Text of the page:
Home' Ships and Shipping : February 2011 Contents NEWS
A fifth cruise terminal at Southampton
will open in 2013.
The new terminal is expected to cost
GBP30 million (US$46.31 million), but
according to estimates by Associated British
Ports (ABP), which operates the port, it could
boost the economy by GBP150 million
(US$231.57 million) a year. With work
commencing in 2011, the new structure is
designed to handle the biggest ships afloat.
The new terminal will face tough
competition. Portsmouth, close to
Southampton, is attracting niche cruise
lines like Swan Hellenic to its own new
terminal, while Liverpool is campaigning
hard for more cruise ship turnarounds.
This year will see more than 300
cruise ship call at Southampton, rising to
360 in 2011.
EU report on need to reduce
Shipping pollution should be reduced
to tackle climate change and prevent
damage to human health, according to
a report from the European Commission
released on December 21.
The European Commission’s Joint
Research Centre (JRC) provides an
overview of methodologies for estimating
air emissions from shipping, describes
technological solutions and proposes
policy options for reducing carbon
emissions and air pollution in this sector.
Maritime transport causes about four
percent of global man-made CO2
emissions, which makes its carbon
footprint approximately on par with
Germany. There is no regulation of
international maritime transport
emissions yet, but this is currently under
discussion in the International Maritime
Organisation (IMO) and at the United
Nations Framework Convention on
Climate Change (UNFCCC).
At present, around 90,000 merchant
ships transport more than 90 percent of
global goods and make maritime transport
indispensable for world economy.
Although maritime transport has the
lowest ratio of CO2 emissions per tonne, its
GHG emissions are expected to significantly
increase from currently around one
giga-tonne per year, by an estimated
150-200 percent over the next four decades.
Papua New Guinea
Papua New Guinea Dockyard at Motukea Island, Port Moresby is conveniently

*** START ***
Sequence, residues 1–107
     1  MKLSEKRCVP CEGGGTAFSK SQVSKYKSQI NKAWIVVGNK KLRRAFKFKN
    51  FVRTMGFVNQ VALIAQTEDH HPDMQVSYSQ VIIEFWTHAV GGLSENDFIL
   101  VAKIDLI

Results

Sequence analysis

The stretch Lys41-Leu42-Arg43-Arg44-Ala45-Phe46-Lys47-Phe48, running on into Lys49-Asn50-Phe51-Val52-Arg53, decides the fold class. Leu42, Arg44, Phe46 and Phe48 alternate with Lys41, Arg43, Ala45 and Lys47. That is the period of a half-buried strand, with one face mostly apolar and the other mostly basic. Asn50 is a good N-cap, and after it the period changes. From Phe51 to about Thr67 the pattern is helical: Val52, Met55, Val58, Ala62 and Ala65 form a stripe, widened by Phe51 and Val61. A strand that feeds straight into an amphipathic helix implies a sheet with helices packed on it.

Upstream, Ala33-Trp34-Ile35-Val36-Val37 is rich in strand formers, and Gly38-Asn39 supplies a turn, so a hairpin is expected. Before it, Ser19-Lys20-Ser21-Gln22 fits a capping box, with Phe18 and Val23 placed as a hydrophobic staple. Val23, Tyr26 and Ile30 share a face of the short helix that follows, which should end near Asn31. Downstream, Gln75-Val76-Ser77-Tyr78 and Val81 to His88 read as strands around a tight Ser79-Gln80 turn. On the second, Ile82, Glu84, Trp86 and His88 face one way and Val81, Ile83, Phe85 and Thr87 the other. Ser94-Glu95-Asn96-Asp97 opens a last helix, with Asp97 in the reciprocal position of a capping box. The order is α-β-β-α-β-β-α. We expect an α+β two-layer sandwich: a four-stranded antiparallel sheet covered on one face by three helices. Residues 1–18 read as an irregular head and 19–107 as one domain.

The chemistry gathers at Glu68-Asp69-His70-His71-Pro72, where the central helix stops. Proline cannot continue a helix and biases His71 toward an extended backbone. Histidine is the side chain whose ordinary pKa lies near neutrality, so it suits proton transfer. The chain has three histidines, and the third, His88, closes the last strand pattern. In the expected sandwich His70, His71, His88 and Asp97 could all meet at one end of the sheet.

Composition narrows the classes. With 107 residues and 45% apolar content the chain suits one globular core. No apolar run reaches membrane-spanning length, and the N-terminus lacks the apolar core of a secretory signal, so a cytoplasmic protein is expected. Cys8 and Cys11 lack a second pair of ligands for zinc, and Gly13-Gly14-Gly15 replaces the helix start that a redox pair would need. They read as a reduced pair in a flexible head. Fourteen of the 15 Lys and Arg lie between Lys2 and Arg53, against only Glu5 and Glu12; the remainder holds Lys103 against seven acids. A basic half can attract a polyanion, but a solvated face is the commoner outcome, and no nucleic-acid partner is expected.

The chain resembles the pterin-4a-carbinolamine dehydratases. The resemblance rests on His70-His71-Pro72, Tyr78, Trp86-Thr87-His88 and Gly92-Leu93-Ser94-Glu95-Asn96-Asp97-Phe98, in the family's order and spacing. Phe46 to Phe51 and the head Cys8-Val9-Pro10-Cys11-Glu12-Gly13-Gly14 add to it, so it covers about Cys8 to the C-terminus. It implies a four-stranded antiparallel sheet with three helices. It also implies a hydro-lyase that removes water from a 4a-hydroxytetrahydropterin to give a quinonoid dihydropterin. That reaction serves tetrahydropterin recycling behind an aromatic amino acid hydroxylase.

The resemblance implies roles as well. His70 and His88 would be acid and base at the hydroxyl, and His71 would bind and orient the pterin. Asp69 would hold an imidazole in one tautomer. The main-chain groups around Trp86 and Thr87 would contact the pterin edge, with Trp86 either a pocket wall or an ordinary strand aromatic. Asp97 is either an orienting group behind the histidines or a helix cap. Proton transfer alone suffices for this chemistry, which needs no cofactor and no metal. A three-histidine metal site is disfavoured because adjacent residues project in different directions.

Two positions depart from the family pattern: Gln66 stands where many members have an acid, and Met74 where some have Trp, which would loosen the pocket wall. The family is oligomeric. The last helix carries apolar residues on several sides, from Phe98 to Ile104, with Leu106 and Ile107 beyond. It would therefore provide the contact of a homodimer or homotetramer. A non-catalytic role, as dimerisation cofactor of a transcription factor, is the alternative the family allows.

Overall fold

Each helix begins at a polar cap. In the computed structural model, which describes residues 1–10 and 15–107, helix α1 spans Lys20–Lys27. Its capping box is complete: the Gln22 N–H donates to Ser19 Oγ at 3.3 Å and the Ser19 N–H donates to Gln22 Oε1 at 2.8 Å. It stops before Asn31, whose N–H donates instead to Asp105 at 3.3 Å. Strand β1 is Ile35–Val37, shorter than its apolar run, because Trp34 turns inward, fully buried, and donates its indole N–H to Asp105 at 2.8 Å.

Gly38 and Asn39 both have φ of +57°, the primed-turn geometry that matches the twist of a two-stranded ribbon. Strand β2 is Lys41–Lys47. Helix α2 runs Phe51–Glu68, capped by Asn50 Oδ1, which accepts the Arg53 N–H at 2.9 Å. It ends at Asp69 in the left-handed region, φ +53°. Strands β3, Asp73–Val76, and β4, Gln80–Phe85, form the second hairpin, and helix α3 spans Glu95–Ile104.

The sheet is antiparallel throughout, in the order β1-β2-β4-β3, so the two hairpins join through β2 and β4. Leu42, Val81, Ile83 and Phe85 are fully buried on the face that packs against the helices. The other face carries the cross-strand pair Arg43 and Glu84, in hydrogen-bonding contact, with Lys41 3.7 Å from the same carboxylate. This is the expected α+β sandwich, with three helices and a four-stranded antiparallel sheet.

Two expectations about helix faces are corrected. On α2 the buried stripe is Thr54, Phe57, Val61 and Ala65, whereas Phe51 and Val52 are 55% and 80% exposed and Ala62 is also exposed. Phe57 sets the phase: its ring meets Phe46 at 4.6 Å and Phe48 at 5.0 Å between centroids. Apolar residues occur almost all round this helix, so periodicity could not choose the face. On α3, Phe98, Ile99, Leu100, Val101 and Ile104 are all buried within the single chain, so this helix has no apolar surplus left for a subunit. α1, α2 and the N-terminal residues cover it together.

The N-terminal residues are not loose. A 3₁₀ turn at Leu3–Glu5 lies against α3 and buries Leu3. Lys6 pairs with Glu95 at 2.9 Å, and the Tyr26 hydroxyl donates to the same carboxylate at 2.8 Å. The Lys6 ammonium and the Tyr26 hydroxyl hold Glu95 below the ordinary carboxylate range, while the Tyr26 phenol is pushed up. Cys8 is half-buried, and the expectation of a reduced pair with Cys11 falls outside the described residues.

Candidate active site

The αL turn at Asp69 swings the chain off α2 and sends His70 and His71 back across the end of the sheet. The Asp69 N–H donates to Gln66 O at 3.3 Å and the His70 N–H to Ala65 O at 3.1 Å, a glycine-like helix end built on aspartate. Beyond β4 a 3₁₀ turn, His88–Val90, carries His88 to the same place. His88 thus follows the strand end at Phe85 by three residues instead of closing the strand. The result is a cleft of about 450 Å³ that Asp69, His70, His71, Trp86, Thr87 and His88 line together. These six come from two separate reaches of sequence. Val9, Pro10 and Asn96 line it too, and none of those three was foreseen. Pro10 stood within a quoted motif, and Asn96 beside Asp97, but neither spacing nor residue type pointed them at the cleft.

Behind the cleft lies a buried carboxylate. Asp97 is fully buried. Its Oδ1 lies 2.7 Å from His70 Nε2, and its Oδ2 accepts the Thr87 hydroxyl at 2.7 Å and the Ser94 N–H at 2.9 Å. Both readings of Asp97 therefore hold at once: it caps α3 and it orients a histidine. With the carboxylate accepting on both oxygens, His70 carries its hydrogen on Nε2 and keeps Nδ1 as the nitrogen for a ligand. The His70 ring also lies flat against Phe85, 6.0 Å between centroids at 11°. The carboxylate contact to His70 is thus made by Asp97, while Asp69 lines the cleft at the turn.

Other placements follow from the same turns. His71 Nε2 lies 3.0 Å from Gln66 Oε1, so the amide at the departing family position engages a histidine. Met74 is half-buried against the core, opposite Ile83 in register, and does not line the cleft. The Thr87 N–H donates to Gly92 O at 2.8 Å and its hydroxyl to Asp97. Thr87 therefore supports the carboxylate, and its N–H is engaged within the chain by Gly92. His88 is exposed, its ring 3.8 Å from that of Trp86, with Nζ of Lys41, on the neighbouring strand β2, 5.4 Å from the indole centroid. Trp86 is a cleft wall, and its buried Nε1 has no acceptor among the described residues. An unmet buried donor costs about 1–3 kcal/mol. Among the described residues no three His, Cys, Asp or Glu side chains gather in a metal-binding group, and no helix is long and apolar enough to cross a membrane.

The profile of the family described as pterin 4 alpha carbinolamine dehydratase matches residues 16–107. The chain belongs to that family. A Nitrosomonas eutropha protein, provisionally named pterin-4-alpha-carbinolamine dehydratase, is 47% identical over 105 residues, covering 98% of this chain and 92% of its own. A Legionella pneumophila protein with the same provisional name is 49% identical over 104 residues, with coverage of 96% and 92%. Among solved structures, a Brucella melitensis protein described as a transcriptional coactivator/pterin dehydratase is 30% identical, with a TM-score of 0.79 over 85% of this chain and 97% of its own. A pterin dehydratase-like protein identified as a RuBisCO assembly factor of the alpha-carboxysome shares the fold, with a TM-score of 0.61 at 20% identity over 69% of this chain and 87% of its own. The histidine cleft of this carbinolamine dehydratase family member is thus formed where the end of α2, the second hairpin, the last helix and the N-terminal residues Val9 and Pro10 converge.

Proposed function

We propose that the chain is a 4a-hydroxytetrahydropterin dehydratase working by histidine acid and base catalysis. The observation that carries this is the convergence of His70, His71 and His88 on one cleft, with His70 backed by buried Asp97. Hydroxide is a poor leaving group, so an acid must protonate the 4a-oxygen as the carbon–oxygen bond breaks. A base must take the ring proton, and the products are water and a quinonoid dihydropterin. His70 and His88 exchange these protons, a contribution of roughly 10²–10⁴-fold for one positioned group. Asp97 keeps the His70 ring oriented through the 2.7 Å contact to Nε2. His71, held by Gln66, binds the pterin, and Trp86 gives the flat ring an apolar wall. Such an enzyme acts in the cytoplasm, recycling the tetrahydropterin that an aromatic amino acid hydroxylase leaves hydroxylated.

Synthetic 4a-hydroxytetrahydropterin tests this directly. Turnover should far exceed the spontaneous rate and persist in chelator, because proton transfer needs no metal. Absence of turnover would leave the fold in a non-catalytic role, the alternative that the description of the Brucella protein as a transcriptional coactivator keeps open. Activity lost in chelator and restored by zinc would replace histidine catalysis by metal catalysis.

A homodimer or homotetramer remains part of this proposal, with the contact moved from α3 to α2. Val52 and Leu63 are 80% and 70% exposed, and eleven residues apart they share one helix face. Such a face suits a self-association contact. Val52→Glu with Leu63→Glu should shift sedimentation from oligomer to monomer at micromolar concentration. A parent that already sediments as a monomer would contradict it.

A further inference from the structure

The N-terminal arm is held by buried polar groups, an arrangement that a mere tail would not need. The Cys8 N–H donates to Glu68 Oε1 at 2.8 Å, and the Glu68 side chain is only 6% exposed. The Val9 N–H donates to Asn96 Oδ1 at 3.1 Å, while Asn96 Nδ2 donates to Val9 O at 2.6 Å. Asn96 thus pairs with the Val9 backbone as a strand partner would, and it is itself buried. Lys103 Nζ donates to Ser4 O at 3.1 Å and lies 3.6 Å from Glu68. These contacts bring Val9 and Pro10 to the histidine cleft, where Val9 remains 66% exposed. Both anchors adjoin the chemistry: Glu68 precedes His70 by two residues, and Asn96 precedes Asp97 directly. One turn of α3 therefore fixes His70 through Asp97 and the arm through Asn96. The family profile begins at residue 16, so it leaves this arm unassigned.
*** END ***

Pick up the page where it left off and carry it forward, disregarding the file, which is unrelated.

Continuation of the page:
situated to service vessels on the Australian and Southeast Asian Shipping trade
routes whilst offering all year deep water access.
Ship repair and associated services. International Wharf, berthage, up to 5000T lifting
capacity by wedge cart, Maintenance bays for 7 vessels depending on length,
emergency dockings, in-house logistical support by air and sea, on site security
personnel, crew accommodation and messing are just some of the services available
at our 77 hectare facility.
Our qualified national and expatriate staffs provides professional service and quality
workmanship,ensuring fast turnaround within budget. Welders qualified AS2980/
ASME-9, NDT Technicians Class 3, certified marine engineering services including
new builds and heavy fabrication. Work Hours: 24 hours a day, six days a week.
Motukea Island, Port Moresby, Papua New Guinea
Tel: (675) 321-2254 or (675) 321-8172 Fax:(675) 321-2505
Manager: Kurt Behnke
Email: email@example.com // Website: www.pngdockyard.com.pg
Australia Office: Tel: +61 407 581507 Fax:+61 747 506258
SHIPS AND SHIPPING February 2011 11
The ‘Queen Victoria’ at Southampton’s City Cruise Terminal
Fifth cruise terminal for Port of Southampton
‘Castillo de Santisteban’, delivered in 2010, is an
example of a new generation, low-emissions,
high-efficiency vessel and features the first-
ordered MAN Diesel & Turbo dual-fuel engines
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